For links to the latest versions and their websites visit the references section of the tutorial. Now, we have defined the technologies to be used. Let’s start the setup of our example.

3. Project Setup

Tip
You may skip project creation and jump directly to the beginning of the example below.

Start by opening eclipse. Click on File -> New -> Maven Project. You will be shown the following screen.

Simply check the first check mark and click on the Next button.

JUnit No Runnable Methods Setup 1

Figure 1: JUnit No Runnable Methods Setup 1

On this screen, you need to fill in the details regarding the project we are building. You can simply fill in the following details as shown and click on the Finish button.

JUnit No Runnable Methods Setup 2

Figure 2: JUnit No Runnable Methods Setup 2

After clicking on the Finish button, we are ready with the blank Maven project. But before we start with the code, we need to do some changes in the pom.xml file.

pom.xml

 
...
<dependencies>
    <dependency>
        <groupId>junit</groupId>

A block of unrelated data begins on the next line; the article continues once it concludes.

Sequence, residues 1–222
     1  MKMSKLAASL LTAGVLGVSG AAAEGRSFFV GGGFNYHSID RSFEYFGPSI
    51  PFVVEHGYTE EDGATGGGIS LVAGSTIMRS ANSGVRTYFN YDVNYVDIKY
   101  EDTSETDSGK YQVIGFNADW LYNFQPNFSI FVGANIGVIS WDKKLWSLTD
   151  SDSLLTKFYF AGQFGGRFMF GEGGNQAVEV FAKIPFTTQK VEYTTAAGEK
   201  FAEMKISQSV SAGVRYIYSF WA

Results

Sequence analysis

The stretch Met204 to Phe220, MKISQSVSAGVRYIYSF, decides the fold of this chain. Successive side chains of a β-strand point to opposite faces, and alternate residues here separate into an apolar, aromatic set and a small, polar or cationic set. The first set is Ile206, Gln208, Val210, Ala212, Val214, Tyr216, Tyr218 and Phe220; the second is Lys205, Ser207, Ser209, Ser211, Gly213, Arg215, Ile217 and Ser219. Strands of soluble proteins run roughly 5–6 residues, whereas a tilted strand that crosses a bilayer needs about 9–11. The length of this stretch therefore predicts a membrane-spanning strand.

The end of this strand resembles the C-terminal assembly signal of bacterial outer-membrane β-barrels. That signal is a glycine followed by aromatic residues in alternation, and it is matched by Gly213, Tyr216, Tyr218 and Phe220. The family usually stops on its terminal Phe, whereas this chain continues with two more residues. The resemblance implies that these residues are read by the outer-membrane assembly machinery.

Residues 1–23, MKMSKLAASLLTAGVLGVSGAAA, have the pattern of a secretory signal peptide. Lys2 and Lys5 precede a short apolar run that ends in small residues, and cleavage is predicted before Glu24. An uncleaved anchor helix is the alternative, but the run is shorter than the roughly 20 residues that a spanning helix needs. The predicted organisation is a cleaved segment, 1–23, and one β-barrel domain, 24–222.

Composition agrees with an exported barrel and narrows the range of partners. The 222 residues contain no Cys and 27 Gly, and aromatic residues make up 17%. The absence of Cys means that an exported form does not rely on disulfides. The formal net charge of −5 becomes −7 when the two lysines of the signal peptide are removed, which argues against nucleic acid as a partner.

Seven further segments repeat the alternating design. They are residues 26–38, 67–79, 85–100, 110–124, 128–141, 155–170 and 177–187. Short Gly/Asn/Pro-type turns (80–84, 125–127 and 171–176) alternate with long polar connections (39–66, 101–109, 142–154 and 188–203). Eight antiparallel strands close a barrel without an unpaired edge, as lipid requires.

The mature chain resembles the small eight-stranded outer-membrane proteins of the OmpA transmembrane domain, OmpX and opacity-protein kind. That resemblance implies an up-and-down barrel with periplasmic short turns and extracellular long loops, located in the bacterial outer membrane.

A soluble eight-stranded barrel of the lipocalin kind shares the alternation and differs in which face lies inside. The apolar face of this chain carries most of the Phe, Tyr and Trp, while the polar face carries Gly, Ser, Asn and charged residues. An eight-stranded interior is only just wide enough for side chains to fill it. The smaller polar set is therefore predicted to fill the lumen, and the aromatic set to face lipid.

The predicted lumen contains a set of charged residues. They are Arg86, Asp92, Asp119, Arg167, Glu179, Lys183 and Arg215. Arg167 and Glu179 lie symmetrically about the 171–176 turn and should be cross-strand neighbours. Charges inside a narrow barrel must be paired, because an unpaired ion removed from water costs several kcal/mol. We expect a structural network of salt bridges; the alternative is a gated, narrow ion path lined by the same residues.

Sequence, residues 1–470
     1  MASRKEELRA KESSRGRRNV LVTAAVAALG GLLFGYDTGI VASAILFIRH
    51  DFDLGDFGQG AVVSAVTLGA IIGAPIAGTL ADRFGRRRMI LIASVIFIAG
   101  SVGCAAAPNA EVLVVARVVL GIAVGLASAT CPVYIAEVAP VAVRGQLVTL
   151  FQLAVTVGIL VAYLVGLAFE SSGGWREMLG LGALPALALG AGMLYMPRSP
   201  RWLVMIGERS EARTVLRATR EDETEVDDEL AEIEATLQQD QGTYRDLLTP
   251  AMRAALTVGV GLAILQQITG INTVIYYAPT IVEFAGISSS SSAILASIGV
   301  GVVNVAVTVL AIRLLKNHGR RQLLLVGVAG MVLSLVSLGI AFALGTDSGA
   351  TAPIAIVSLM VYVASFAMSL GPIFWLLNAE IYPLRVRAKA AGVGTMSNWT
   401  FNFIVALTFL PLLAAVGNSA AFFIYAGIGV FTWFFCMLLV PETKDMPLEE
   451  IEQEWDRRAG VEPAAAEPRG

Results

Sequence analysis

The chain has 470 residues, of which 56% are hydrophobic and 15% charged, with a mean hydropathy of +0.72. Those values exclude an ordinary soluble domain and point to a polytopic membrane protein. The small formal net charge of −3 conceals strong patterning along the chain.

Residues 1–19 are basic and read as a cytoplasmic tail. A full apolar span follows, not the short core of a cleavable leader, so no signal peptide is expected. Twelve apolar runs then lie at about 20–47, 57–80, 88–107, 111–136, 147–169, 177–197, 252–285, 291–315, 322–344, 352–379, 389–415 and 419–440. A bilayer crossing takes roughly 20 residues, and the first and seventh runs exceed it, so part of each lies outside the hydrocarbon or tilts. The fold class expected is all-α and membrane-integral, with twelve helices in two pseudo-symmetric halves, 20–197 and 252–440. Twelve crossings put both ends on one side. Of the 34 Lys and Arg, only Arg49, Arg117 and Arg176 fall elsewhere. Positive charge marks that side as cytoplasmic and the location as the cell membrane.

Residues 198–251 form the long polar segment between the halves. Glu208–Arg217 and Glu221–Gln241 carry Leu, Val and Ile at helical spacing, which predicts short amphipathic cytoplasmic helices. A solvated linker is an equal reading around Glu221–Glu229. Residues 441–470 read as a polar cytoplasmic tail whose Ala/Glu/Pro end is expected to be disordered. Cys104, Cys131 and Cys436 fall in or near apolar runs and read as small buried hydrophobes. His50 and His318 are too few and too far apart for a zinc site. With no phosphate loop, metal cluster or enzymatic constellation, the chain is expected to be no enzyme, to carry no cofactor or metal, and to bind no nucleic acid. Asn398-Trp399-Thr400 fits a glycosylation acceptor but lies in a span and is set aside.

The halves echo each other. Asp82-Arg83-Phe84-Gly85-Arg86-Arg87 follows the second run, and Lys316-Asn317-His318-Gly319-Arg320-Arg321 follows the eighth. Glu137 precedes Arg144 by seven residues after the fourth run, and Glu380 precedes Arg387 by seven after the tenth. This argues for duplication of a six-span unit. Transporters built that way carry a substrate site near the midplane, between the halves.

<artifactId>junit</artifactId>
        <version>4.12</version>
    </dependency>
 </dependencies>
 <build>
     <finalName>junitnorunnable</finalName>
     <plugins>
         <plugin>
             <groupId>org.apache.maven.plugins</groupId>
             <artifactId>maven-compiler-plugin</artifactId>
             <version>2.5.1</version>
             <inherited>true</inherited>
             <configuration>
                 <source>1.8</source>
                 <target>1.8</target>
             </configuration>
          </plugin>
     </plugins>
 </build>
...

Line 4: actually pulls out the JUnit for this project.
Line 18,19: tells maven to compile and build with Java 8.

4. JUnit No Runnable Methods

First, we need to create a class where no @Test annotation is used. It is a simple class with a single method for testing. Since we are using the eclipse it will not run the class as a JUnit class because of the method with any @Test annotation.
So, we will create another class with Suite runner. You can get the example of suite runner in references sections.

TestClass.java

 
package junitnorunnable;

public class TestClass {
    
    public void testA(){
        System.out.println("Hello");